The nation’s poor economy has impacted nearly all segments of American life and business. One industry that has seen marked changes is debt collection.

As more and more people are struggling to make payments on loans, mortgages and other debt, creditors are selling the rights to collect those debts to debt-collection agencies. In these tough economic times, though, debt-collection agencies also are finding it hard to collect the money, sometimes leading to abusive – and illegal – behavior from debt collectors.

The Federal Trade Commission (FTC) receives more complaints about debt-collection agencies than any other industry. According to the Associated Press, the FTC gathered more than 140,000 complaints about debt collectors’ behavior in 2010, an increase from just under 120,000 complaints in 2009.

Frequent Debt Collection Complaints

The most frequent complaints are about illegal debt-collector behavior such as:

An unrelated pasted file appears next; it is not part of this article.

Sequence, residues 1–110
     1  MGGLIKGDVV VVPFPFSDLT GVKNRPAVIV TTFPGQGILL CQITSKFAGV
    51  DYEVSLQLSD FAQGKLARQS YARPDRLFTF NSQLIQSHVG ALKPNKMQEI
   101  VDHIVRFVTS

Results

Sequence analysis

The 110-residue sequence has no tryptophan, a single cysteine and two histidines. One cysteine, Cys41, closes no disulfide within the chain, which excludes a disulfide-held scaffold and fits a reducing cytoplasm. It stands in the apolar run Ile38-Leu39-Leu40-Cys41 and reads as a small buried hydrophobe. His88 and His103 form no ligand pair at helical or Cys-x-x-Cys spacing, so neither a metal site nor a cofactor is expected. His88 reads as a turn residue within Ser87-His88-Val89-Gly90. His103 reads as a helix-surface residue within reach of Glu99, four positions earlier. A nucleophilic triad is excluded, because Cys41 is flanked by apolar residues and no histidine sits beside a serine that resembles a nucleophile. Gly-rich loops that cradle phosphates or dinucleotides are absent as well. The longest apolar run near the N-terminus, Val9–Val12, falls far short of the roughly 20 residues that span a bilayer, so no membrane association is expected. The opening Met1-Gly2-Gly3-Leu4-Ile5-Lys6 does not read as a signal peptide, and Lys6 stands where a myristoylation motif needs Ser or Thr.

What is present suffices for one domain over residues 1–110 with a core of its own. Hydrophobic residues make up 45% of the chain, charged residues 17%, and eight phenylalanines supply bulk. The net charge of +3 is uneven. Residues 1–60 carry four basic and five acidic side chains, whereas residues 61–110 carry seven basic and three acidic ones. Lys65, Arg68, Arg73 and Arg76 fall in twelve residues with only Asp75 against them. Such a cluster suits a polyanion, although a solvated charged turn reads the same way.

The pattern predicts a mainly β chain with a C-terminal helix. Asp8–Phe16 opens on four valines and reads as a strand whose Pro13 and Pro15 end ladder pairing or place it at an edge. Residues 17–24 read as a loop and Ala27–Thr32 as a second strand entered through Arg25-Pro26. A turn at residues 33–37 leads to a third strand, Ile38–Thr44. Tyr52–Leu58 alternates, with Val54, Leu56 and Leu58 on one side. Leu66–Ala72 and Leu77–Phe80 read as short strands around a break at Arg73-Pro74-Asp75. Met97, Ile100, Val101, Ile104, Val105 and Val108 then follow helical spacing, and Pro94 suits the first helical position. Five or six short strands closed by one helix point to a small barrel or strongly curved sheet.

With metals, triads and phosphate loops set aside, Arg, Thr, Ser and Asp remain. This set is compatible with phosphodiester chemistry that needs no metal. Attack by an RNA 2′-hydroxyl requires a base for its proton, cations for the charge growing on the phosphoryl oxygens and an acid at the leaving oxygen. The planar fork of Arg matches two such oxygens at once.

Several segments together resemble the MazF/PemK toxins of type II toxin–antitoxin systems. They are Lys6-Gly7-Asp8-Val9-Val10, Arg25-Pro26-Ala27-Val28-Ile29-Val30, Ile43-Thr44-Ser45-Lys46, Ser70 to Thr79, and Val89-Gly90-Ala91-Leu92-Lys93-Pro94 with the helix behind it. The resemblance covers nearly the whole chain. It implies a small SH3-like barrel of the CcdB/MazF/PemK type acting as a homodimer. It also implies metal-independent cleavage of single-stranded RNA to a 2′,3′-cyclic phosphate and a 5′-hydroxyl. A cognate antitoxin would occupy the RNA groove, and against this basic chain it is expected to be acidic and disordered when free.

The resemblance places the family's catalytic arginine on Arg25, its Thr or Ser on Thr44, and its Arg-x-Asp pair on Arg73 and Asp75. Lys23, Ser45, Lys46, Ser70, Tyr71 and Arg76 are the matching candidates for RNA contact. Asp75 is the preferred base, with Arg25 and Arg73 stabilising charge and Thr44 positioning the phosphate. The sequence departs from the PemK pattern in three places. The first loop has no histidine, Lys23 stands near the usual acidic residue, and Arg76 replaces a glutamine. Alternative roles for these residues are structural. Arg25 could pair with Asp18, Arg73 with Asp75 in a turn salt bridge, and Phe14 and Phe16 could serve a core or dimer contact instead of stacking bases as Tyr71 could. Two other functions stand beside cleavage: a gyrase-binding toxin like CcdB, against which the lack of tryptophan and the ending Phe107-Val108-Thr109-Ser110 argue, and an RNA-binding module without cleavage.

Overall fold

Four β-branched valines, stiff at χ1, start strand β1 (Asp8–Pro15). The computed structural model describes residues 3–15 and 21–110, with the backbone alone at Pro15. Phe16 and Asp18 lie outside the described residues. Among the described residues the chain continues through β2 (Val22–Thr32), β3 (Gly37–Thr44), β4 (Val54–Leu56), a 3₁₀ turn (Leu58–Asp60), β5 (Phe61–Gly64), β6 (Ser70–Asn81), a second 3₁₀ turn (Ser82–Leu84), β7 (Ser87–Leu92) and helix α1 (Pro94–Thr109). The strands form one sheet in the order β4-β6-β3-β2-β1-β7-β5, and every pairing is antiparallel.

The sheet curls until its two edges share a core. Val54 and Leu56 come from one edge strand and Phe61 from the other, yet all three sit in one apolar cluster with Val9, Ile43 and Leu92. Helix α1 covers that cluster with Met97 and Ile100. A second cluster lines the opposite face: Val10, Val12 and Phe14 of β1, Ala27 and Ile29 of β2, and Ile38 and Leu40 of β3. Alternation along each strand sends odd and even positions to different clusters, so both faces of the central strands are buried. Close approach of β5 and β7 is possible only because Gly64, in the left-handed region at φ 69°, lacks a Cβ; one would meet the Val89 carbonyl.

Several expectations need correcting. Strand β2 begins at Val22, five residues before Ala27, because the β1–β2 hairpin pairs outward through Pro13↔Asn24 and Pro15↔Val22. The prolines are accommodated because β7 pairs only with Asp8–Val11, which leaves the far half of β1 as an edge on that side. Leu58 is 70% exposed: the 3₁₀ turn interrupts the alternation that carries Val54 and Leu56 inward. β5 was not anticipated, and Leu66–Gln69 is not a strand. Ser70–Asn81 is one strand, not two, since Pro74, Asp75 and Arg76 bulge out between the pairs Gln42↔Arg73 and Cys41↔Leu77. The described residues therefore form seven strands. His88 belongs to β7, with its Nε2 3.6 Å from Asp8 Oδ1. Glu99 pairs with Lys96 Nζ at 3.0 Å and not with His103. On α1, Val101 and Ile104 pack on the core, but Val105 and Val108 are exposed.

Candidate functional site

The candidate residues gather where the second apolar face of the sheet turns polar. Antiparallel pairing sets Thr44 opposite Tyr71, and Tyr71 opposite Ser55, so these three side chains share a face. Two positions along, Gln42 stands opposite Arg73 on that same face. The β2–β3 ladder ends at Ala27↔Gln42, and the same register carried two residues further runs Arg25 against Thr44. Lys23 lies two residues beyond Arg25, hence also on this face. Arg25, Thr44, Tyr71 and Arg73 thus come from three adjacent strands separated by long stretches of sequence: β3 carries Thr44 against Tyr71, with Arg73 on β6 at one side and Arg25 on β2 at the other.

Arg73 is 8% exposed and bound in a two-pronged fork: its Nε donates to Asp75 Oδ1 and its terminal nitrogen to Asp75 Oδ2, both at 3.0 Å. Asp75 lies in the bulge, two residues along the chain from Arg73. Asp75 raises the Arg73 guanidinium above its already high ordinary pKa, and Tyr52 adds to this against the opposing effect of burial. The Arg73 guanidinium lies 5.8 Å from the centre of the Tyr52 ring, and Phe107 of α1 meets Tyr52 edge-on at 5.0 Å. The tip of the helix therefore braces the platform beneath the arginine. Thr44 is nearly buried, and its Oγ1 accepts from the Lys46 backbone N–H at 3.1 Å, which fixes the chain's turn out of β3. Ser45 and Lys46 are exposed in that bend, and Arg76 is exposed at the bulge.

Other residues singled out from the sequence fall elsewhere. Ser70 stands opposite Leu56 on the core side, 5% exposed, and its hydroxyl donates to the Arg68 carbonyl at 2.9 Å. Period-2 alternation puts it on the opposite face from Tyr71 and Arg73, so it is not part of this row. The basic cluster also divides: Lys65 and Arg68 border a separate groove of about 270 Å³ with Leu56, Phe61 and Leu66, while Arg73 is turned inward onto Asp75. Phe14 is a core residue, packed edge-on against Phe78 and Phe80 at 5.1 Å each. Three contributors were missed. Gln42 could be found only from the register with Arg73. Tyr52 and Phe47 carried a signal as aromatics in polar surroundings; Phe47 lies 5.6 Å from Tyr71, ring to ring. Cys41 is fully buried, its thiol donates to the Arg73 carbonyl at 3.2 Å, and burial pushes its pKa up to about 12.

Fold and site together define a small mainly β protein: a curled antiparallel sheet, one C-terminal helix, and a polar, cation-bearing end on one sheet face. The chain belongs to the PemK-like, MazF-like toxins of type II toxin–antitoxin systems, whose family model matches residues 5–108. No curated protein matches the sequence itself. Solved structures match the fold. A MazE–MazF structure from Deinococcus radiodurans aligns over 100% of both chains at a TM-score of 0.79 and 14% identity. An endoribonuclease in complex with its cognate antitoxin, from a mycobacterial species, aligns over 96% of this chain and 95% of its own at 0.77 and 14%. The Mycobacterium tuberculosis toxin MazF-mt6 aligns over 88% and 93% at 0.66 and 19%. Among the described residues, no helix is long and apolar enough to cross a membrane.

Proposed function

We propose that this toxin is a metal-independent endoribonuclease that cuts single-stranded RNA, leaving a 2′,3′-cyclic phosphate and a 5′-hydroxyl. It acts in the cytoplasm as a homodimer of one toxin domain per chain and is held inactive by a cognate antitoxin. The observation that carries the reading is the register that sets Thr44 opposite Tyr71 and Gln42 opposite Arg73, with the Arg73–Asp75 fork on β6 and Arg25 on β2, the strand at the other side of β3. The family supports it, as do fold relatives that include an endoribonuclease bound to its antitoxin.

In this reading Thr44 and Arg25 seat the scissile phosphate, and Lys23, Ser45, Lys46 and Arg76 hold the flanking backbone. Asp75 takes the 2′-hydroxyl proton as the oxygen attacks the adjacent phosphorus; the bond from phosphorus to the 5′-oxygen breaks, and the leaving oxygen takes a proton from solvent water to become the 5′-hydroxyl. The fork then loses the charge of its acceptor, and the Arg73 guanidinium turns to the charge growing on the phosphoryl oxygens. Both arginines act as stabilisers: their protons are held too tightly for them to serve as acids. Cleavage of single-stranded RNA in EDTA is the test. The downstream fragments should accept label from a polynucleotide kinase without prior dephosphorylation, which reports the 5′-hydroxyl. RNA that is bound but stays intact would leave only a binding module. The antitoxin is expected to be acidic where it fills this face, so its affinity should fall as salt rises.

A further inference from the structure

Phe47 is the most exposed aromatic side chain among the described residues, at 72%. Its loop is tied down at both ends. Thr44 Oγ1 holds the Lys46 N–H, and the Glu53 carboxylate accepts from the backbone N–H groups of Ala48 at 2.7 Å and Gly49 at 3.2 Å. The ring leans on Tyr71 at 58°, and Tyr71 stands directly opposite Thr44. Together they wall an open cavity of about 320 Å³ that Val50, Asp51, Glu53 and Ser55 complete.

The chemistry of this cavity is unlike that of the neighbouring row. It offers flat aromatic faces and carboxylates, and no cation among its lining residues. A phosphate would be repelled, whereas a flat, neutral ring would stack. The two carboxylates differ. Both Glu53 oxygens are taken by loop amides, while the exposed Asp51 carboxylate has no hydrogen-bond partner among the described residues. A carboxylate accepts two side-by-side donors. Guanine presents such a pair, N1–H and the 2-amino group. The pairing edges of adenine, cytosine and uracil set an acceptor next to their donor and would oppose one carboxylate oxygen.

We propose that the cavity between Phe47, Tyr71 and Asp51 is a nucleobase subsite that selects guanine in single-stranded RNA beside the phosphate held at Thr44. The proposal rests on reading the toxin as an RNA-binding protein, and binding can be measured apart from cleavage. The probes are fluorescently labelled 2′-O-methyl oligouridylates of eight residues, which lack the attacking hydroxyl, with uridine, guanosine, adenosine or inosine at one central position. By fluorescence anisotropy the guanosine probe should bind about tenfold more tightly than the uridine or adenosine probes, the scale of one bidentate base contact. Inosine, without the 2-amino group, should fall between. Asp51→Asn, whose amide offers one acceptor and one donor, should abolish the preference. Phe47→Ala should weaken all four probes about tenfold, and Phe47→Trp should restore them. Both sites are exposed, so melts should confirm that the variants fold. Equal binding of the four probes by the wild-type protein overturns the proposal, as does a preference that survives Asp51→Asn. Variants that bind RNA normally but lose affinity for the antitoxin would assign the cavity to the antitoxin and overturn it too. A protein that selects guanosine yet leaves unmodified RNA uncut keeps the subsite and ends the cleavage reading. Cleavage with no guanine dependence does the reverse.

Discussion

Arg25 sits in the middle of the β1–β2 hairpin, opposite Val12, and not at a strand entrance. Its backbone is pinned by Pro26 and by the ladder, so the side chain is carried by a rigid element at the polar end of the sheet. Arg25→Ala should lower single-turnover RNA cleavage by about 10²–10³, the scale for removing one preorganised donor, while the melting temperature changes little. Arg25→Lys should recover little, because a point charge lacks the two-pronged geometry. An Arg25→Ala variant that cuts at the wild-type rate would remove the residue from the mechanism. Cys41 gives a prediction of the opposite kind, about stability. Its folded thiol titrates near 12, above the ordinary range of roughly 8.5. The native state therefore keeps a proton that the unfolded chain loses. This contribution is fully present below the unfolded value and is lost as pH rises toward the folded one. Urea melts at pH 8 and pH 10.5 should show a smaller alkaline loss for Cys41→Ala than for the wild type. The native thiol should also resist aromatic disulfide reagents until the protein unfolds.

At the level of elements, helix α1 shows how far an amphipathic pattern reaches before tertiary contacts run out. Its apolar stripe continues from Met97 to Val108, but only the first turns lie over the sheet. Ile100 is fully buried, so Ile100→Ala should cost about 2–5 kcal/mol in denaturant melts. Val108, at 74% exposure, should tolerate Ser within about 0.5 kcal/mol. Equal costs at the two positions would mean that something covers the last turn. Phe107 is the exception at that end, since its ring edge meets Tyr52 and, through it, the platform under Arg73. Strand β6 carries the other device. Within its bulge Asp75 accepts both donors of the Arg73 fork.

• Calling people repeatedly
  • Misrepresenting the status or amount of a debt owed
  • Not notifying people of their rights in writing

Moreover, at least 20,000 complaints were made by people who said debt collectors threatened to take their property or have them arrested. That is simply not permissible.

On the other hand, however, some debt-collection agencies today are more open to negotiating payment plans with consumers. For example, according to the Associated Press, people have made agreements with debt collectors to pay as little as $5 or $10 a month.

New York Bankruptcy Protection

Succumbing to debt collectors’ abusive threats or making a payment plan with a collection agency is not the only way to stop the harassment. According to some New York bankruptcy lawyers, seeking protecting under the U.S. bankruptcy laws is another way. Filing for bankruptcy will automatically stop creditors from making further collection efforts. It can also be a valuable tool in getting people back on the right financial track.